This is a conversation I had with Wallace, my three-year-old, as we were driving to school yesterday. We had to be there early so I could rush to my doctor’s appointment at 8:45, so the boys were eating their breakfast in route.
Me: “Wallace, did you finish your sandwich already?”
Wallace: “No, I gave to Piers.”
Me: “Wallace, it’s grilled cheese, your favorite. You need to eat something so you won’t get hungry at school. Piers, give him his sandwich back.”
Wallace erupts: “NO!!!!!!! I don’t want it. I hate it!!! I can’t eat that!!!!!!”
I’m perplexed. I made a point to give him grilled cheese because he’ll ALWAYS eat that. What is the deal? I do my best to remain calm. I tend to explode in the morning, or anytime I have to be anywhere at a certain time. Being punctual is not in my DNA, and nothing stresses me more than trying to get places on time.
Me: “Wallace. This is ridiculous. Just eat your sandwich, and you’ll feel better. You’re upset because your blood sugar’s out of whack.”
Wallace: “It has CRUST on it. I can’t eat crust!!”
Okay, mystery solved. In my attempt to feed them quickly, I left his sandwich whole, where I typically cut it in half. However, I NEVER cut the crust off my children’s sandwiches. I’m sorry, call me a terrible parent, I just refuse. If they don’t want crust, fine, I don’t make them eat it, but they have to eat around it. Wallace was struggling to eat around the crust since it was one big square. Oh, for heaven’s sake. I am NOT patient when it comes to stuff like this. I do my best to compose myself.
Me: “Wallace, take a bite of the crust or tear the sandwich in half. You’re beside yourself. Now, eat your sandwich.”
Wallace (dramatic as ever): “Mom, you don’t understand. I can’t eat crust! It might kill me!! I’m allergic to crust!”
He’s evolved from two-year-old cave-baby talk and no longer merely screams NO when he’s not happy. We’ve moved to a more sophisticated justification. As frustrating as this is, I understand. I really get it. How nice would it be as an adult to tell people you’re allergic to whatever you don’t want to do? I’m thinking back to several situations during the past week.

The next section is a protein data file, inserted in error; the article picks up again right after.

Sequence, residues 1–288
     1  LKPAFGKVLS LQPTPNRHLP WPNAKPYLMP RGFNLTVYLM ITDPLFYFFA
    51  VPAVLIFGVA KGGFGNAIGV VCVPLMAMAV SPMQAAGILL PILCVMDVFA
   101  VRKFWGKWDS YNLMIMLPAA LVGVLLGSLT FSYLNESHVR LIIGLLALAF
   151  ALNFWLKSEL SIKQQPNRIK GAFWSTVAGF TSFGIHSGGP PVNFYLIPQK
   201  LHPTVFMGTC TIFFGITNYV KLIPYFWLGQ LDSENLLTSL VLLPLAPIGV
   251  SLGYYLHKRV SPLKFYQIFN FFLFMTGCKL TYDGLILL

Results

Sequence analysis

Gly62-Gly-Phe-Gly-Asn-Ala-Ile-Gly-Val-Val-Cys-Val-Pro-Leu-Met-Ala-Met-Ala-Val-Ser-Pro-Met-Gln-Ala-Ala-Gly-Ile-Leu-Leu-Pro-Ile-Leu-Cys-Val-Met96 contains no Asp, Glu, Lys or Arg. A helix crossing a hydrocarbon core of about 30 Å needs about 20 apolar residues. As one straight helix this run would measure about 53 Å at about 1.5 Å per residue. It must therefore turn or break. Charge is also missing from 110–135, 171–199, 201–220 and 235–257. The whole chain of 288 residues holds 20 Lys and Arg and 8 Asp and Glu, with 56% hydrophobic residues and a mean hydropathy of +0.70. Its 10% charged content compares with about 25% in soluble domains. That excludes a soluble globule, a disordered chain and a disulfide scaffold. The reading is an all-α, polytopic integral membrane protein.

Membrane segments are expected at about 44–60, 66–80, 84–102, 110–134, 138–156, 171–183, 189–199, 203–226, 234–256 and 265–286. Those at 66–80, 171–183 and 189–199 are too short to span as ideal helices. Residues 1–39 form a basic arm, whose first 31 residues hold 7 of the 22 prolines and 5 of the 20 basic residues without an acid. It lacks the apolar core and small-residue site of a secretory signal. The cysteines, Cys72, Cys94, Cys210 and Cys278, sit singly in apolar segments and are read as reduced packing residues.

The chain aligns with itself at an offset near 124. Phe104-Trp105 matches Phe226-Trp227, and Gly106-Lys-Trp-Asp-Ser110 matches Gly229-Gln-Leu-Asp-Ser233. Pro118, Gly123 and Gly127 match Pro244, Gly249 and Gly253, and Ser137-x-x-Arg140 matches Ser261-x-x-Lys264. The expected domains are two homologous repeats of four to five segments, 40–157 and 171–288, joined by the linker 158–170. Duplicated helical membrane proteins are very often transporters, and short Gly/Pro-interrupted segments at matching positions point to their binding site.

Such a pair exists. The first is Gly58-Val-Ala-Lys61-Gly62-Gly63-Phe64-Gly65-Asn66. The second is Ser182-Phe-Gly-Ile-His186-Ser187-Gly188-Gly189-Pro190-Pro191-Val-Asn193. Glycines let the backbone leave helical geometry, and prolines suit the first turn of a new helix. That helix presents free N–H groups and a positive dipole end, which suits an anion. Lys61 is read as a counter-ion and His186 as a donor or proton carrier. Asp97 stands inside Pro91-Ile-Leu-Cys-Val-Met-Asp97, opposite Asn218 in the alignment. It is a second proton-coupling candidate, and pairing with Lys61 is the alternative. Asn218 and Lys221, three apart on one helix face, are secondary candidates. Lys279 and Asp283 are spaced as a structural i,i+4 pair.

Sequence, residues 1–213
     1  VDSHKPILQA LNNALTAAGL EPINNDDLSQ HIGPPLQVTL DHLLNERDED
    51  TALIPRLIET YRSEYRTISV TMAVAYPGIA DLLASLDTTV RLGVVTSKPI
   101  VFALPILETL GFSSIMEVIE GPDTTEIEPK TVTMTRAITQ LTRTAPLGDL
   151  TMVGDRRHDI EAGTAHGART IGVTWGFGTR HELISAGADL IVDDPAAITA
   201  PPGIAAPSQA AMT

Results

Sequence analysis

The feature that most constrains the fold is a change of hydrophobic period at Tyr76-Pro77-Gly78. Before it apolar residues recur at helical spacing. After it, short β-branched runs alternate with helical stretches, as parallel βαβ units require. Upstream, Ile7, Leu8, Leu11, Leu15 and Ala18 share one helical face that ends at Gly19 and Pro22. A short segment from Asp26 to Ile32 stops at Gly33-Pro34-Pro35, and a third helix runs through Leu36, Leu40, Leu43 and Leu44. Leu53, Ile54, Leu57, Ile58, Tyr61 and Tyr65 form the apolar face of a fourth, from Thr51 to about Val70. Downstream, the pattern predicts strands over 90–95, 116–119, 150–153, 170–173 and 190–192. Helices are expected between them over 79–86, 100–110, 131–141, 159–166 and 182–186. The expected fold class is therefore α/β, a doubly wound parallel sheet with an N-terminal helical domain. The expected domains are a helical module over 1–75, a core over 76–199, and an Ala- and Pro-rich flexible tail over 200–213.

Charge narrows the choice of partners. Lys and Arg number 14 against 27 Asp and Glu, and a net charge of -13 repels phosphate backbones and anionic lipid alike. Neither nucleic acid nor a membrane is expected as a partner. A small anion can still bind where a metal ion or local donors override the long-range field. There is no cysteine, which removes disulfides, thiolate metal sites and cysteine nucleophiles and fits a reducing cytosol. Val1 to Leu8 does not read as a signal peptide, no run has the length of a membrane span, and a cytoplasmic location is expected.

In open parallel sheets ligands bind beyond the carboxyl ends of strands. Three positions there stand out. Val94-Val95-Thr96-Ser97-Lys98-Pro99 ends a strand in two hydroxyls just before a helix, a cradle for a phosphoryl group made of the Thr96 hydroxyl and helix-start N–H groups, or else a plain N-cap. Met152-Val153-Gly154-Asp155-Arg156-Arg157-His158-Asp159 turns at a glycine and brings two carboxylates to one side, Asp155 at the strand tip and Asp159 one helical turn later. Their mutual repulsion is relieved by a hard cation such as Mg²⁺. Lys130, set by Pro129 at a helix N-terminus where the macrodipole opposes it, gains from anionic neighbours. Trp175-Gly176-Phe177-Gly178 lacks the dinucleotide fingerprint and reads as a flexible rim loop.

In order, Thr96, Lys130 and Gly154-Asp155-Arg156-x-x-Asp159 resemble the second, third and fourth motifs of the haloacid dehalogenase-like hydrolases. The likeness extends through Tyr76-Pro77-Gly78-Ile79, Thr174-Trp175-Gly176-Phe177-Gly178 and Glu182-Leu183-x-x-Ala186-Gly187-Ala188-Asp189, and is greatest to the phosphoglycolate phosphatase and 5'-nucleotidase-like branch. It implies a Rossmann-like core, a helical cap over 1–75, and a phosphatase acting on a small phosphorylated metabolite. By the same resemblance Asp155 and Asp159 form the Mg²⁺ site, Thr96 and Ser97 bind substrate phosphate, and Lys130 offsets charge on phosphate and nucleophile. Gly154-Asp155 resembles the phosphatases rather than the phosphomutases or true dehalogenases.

For example, Piers’ teacher asked me to make a casserole for the Pre-K Thanksgiving post-show potluck. “I’m sorry, I can’t. I’m allergic to casseroles or more specifically, cooking in general. You’ll have to ask someone else.”
Or, to the receptionist when she called to inform me that they had double-booked my 10am appointment time and the only slot available now was 8:45. “No, I can’t do anything earlier than 10:00. I’m allergic. You’ll have to re-book someone else. I need to keep that time.”
Or, to my mom’s lawyer who called at the very last minute requesting signed and notarized documents, so my mother could close on her home refinance. As in, I found out on Wednesday that ten plus forms needed to be notarized and in her hand by 4pm on Friday. “Um, no. There is absolutely no way I can get these to you by Friday. I can’t do last-minute deadlines. I’m allergic.”
Wow! It’s totally more civilized. Who cares if people look at me like I have three heads. I remember when I waited tables and a customer would rattle off ten different modifications to basic menu items. I would attempt to get everything down on my small notepad while in my head I was screaming, “HIGH MAINTENANCE!! If your tastes are so specific, go home and cook for yourself.” However…..all the person would have to do is utter the word “allergic” and I was more than willing to accommodate. I certainly didn’t want to risk killing anyone.
“Oh, you’re allergic. By all means, have WHATEVER you wish, my dear.”
I glance at my precocious son in the rear view mirror, and realize that he’s the victor. No more arguing. He’s made his case. It’s time to admit defeat.
“Okay, Wallace. You’re going to be hungry, but I understand. You’re allergic.”